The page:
Meet The Culture School For The Insatiably Curious
With a twist on the conventional liberal arts education, this startup school intends on facilitating multi-dimensional learning
Whether you’re a globetrotter in search of more jargon to arm your linguistic arsenal, or a romantic hoping to woo your exotic partner, the need to learn new languages will never die out. But absorbing other dialects is a daunting undertaking that’s easier said than done, and most classes significantly drain your pockets before you begin to see any return on investment. For that reason, educational startup Fluent City has just secured a $2.5m USD round to help breed more polyglots through its unconventional teaching practices and experiential philosophy. The backing will also help the culture school expand its course offerings as it delves into frontiers outside of languages and into the similarly culturally oriented themes of art and design, food and drink, and culture and travel.
To learn how the brand is staying true to its cultural origins while exploring unconventional programs aimed to reinvent enrichment learning, PSFK caught up with CEO James Rohrbach for an exclusive interview on the future of the liberal arts.
At its core, Fluent City hopes to inspire people to discover their passions and live richer, more vibrant lives says Rohrbach. With the growth of their new immersion and discovery-based courses ranging from interior design and French culture to mixology and beyond, graduates have used their new skills for everything from falling in love to advancing their careers to conducting powerful not-for-profit work around the world.
“With this additional capital and first batch of new courses, we’re building the first ever cross-disciplinary hub for this kind of social learning and exploration. We’re also breaking the rules of traditional education by introducing both entertainment and hospitality into the mix,” says Rohrbach.
“No one has ever simultaneously bridged those three worlds—education, hospitality and entertainment—and it’s in this way that we’ve developed a highly distinctive offering. Yet the real meat of how to impart knowledge is surprisingly not all that different from subject to subject. We’ve designed an increasingly universal experience with considered moments along the way that make a student, or guest, forget that they’re ‘learning.’”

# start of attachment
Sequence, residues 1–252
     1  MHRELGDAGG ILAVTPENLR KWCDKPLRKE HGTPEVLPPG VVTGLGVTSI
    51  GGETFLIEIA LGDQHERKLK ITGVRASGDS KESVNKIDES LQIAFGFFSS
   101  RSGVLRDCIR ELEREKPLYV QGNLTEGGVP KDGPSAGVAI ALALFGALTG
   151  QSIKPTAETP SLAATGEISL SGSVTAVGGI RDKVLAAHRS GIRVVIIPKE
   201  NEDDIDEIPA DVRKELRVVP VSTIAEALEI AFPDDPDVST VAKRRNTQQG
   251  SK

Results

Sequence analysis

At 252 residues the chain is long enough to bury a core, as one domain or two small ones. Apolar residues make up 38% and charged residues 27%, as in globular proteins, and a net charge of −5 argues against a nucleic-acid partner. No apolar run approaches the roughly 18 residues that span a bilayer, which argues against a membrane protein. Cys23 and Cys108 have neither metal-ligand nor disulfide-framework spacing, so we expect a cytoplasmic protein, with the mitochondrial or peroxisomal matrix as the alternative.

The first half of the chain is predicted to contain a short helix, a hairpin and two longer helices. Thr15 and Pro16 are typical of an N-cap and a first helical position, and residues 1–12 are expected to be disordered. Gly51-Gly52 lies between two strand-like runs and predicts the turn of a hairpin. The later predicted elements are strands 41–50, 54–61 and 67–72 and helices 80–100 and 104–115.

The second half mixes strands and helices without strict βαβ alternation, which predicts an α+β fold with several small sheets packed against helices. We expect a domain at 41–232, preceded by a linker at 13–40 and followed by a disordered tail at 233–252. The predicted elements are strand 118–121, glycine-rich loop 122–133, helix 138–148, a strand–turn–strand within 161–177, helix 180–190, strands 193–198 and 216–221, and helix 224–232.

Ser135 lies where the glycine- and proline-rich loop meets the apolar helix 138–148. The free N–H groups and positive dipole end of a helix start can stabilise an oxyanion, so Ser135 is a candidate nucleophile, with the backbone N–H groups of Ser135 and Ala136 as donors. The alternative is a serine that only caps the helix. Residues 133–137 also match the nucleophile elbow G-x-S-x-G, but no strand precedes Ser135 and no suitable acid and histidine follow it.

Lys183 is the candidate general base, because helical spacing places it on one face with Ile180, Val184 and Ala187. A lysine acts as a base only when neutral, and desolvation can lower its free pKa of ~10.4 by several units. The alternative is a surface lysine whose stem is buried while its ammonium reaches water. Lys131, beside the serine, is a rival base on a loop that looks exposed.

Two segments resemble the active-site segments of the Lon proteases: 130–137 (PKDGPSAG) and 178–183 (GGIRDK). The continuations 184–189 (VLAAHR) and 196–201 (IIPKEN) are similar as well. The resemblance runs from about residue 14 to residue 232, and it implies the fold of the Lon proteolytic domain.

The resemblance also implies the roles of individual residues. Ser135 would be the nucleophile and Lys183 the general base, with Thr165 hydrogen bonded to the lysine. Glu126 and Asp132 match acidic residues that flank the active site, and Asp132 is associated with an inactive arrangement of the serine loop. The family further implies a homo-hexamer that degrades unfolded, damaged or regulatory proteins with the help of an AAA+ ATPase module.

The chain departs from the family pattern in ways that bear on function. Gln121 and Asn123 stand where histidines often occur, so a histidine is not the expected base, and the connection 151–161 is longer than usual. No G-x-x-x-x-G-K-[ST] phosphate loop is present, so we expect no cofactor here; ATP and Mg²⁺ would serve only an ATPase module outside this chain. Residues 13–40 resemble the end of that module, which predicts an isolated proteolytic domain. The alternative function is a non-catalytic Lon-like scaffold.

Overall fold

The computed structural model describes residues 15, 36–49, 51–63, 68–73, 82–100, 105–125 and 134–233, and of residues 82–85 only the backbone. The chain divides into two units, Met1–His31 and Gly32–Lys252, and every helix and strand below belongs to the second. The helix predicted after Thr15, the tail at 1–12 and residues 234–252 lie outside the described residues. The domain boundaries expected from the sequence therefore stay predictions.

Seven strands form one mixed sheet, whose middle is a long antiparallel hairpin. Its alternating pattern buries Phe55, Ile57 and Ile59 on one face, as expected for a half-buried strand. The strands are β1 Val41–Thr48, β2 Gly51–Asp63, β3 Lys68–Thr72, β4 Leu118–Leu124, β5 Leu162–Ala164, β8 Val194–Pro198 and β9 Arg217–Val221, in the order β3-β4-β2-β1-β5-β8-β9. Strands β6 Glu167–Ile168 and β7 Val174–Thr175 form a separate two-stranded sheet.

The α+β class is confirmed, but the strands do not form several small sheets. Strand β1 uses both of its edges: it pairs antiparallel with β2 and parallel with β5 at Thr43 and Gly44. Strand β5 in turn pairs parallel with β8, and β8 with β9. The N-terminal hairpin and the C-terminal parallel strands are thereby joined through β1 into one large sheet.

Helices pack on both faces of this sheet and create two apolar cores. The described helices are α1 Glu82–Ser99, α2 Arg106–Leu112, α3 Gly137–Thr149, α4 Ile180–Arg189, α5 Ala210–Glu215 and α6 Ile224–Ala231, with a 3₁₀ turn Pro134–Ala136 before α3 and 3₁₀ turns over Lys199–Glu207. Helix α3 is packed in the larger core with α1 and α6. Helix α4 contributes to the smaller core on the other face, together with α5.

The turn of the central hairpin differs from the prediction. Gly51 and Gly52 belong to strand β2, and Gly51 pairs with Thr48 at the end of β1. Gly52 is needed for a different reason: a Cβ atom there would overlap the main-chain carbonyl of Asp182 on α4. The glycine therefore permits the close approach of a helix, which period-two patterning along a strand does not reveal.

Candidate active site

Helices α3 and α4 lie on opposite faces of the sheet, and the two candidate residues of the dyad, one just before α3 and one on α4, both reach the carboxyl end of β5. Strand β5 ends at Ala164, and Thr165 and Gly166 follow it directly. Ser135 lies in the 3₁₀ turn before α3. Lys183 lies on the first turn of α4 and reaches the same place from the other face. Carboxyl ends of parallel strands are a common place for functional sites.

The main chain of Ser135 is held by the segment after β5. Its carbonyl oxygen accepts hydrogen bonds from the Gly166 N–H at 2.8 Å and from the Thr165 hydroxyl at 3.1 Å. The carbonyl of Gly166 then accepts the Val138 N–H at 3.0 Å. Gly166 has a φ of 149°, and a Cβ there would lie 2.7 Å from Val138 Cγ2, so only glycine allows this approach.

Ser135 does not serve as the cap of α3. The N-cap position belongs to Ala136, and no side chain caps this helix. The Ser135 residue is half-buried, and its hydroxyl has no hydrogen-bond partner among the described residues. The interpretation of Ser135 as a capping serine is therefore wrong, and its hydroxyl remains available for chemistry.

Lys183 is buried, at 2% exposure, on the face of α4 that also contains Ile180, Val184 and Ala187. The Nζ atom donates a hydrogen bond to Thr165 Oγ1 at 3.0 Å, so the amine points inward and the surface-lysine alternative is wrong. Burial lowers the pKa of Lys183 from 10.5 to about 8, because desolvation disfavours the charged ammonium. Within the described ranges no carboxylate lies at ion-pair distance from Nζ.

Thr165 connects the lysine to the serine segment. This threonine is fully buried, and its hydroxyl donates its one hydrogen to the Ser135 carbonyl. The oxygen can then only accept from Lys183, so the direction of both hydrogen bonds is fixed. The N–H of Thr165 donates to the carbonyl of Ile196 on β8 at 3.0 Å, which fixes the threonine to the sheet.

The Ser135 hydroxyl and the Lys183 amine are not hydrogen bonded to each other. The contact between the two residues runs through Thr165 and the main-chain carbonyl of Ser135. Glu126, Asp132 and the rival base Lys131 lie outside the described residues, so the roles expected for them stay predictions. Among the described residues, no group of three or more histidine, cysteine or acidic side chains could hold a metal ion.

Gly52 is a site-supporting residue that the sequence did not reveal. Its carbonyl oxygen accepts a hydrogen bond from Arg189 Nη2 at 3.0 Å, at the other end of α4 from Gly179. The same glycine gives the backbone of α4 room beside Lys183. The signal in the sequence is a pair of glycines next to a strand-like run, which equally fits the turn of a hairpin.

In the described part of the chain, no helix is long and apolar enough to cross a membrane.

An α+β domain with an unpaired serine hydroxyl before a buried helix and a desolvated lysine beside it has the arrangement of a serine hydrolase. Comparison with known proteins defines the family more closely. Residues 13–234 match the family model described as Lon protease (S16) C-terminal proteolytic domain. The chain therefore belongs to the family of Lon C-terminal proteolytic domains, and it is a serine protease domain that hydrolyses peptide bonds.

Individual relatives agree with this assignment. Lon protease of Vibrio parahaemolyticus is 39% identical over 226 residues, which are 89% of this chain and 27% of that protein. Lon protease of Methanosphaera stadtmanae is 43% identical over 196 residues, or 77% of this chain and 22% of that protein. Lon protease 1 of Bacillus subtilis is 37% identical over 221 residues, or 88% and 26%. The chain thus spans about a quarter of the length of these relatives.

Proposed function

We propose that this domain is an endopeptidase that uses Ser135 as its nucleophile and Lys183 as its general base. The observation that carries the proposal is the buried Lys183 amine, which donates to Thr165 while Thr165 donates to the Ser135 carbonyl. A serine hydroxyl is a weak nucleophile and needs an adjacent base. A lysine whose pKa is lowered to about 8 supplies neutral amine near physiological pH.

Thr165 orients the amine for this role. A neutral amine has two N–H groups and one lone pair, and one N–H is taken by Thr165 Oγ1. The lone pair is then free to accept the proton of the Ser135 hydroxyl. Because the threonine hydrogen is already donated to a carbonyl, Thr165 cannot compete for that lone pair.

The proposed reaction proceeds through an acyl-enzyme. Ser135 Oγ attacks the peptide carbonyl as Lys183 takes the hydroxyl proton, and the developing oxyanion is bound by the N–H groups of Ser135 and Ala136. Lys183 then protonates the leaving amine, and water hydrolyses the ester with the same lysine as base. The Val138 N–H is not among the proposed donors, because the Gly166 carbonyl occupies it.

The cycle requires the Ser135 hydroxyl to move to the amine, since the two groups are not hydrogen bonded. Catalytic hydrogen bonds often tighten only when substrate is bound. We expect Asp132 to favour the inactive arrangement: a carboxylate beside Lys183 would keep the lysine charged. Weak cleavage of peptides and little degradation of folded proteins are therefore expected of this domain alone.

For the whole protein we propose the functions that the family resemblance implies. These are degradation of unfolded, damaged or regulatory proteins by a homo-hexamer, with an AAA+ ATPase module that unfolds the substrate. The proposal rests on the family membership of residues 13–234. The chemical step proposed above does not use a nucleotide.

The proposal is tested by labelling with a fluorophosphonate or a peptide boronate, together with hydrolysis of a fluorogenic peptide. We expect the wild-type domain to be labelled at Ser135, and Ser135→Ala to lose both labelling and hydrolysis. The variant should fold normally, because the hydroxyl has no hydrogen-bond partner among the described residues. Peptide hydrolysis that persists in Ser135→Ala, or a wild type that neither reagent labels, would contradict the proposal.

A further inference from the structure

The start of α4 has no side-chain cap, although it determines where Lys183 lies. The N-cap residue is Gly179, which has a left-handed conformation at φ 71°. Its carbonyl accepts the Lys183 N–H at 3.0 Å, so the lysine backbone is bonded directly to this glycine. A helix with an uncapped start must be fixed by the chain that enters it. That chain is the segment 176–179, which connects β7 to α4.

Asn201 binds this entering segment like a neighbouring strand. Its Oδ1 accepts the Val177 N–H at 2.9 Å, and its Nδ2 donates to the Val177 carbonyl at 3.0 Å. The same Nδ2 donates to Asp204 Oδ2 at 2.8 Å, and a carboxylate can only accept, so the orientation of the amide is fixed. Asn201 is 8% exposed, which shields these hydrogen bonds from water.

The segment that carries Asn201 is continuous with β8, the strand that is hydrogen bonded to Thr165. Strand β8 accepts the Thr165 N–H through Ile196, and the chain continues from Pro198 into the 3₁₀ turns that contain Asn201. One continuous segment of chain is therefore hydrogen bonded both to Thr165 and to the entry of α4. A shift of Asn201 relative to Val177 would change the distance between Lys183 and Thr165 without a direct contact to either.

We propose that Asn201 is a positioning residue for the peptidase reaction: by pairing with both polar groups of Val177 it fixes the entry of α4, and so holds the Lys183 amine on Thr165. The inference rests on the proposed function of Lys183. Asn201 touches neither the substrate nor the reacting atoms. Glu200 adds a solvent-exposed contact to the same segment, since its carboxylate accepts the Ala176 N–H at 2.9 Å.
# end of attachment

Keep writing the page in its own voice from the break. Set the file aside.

The formula for this cross-pollinating education and collective identity boils down to the company’s fundamental maxim: break the rules.
Whereas most language programs only hire native speakers for instance, Rohrbach finds that nonnative speakers are often more effective and empathetic toward tackling the learning curve associated with grasping language in all its complexity. To that end, Fluent City’s hiring practices place a premium on passion and the ability to connect with individuals above expertise in a particular subject matter. Another noteworthy departure from outmoded educational exercises is the location in which classes take place: through pop-up events and month-long immersions led by influential creatives and local experts from downtown warehouses to artist studios, Fluent city expands outlooks in diverse and colorful settings. Coupled with select courses which push the boundaries of themes or how a class should be structured, the company has meritoriously distanced itself from competitors also looking to disrupt the learning industry.
“Our target audience is less about a demographic and more about a psychographic. It’s really anyone who values culture, art, design, fashion, film, music, travel, etc. Which is a lot people.”
“We are starting with turf that’s close to home, namely urbanites, since they’re more likely predisposed to seeking out culture, but we envision going well beyond that,” adds Rohrbach.
Frustrated with their stymied creativity as they went through the motions of adulthood and entered the white-collar workforce, Fluent City was founded on the premise that there’s more to life than just work. The company started in 2011 in a Brooklyn apartment as a casual French conversation group with an emphasis on social learning, and after striking a chord with the community, it quickly grew to four cities, covering 10 languages with 23,000 members. Much like the perpetually exploring audience it caters to, the introduction of courses beyond language will help to broaden horizons and ring true to the culture school branding for the insatiably curious.
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